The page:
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Women on Corporate Boards of Directors: Views of Canadian Chief Executive Officers

Ronald J. Burke (York University, Canada)

Women in Management Review

ISSN: 0964-9425

Article publication date: 1 September 1994



Highlights the historical set‐up of Canadian boards of directors, why and how women were first appointed to corporate boards. Examines factors related to women serving on corporate boards, detailing advantages and barriers to the appointments. Reports on a survey of Canadian Chief Executive Officers (CEOs) which considers factors related to the appointment of women to corporate boards. Results indicated the CEOs′ opinions on, for example, how important a variety of qualifications is to the appointment of female directors; the women with difficulties in finding women with these qualifications; preferred candidate profiles; issues which would benefit from a female perspective; effects of women on boards and companies; and the question of why there are not more women directors. Finally, with the survey as a background, looks at why there are so few women on the boards of directors of Canadian private sector organizations; and the future prospects of women as board members.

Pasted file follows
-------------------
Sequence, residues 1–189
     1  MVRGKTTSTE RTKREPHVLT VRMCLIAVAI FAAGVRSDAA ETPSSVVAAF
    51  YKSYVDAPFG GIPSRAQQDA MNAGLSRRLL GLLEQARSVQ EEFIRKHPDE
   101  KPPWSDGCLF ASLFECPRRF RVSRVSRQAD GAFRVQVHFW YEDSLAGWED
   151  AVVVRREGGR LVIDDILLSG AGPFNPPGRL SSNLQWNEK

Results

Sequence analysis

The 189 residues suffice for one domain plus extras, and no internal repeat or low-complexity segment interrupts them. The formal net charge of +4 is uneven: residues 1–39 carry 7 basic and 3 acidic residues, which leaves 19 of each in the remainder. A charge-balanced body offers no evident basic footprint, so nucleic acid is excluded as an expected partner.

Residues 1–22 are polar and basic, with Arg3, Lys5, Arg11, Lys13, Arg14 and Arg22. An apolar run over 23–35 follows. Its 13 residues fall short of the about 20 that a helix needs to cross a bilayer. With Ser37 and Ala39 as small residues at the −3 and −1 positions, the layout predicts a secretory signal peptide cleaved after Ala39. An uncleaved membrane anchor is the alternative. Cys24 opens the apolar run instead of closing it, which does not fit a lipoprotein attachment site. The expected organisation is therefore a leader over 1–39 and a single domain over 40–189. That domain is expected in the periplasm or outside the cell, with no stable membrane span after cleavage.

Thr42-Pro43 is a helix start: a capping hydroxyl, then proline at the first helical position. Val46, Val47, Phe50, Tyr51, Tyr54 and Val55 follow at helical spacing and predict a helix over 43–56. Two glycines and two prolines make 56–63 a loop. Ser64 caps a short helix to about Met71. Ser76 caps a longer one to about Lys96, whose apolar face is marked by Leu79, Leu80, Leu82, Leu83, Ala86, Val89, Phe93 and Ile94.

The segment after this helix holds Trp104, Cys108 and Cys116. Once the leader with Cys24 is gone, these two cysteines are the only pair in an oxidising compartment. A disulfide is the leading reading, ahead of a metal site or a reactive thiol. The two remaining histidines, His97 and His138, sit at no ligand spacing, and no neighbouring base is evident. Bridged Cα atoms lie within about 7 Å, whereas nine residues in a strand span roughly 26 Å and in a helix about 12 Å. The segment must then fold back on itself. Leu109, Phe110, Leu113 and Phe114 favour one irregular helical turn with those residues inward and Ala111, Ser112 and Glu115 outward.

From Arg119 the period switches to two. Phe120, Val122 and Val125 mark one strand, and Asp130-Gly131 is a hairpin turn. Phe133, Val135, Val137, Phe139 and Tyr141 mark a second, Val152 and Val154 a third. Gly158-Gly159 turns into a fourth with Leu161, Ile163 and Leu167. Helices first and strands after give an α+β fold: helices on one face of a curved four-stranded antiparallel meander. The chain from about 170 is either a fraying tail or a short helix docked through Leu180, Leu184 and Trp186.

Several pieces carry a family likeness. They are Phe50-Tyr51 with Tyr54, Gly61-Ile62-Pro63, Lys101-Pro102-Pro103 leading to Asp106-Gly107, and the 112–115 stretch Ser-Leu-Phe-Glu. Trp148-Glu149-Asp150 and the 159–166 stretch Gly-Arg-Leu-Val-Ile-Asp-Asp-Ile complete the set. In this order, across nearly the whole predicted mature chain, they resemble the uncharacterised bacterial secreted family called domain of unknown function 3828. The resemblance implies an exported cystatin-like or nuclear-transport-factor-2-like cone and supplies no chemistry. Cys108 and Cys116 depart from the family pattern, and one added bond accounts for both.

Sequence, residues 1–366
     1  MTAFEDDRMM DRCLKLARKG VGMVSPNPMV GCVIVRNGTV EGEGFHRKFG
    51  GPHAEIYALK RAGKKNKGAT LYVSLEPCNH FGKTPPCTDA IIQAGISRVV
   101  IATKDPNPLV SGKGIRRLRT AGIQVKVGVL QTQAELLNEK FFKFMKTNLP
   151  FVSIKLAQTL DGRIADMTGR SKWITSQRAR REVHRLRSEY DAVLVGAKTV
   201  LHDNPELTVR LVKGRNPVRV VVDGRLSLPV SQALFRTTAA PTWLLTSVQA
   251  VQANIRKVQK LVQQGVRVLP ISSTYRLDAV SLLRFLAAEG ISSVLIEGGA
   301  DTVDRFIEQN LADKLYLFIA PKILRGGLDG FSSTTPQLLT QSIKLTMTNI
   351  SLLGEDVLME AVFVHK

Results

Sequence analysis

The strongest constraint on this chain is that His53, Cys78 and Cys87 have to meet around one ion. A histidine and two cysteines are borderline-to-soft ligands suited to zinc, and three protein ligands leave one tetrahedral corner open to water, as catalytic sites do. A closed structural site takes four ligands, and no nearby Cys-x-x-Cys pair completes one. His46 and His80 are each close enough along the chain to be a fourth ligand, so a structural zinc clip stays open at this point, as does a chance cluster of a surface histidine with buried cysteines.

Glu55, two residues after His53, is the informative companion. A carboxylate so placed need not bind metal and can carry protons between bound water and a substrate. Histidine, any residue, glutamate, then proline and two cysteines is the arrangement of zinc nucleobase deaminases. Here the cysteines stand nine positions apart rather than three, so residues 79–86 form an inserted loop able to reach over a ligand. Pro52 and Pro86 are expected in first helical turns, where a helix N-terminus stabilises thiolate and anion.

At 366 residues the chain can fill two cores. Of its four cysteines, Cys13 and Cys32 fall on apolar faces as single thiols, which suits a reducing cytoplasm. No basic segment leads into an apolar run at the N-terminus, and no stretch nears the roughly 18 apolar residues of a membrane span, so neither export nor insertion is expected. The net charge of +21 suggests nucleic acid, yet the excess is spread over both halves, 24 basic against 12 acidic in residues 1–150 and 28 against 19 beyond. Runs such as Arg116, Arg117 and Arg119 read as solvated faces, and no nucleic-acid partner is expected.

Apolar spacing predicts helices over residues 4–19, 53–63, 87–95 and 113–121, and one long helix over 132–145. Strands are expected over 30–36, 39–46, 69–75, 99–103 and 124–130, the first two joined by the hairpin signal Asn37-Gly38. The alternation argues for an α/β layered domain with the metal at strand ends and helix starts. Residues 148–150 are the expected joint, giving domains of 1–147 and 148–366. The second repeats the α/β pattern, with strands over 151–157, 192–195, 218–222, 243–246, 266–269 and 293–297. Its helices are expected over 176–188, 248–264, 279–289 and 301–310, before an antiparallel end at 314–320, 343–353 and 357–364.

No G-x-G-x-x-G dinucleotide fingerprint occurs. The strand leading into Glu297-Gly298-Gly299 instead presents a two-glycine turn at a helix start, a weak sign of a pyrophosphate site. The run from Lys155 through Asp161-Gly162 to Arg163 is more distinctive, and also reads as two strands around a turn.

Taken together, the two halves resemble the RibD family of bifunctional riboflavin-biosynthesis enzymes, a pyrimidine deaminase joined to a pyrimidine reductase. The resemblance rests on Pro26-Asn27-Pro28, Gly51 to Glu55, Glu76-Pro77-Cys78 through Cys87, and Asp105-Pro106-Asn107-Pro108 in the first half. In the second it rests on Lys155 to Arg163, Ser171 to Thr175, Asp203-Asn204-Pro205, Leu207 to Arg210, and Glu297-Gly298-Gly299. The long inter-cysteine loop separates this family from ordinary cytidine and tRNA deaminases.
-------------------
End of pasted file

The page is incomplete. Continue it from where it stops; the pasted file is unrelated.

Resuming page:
Burke, R.J. (1994), "Women on Corporate Boards of Directors: Views of Canadian Chief Executive Officers", Women in Management Review, Vol. 9 No. 5, pp. 3-10.




Copyright © 1994, MCB UP Limited

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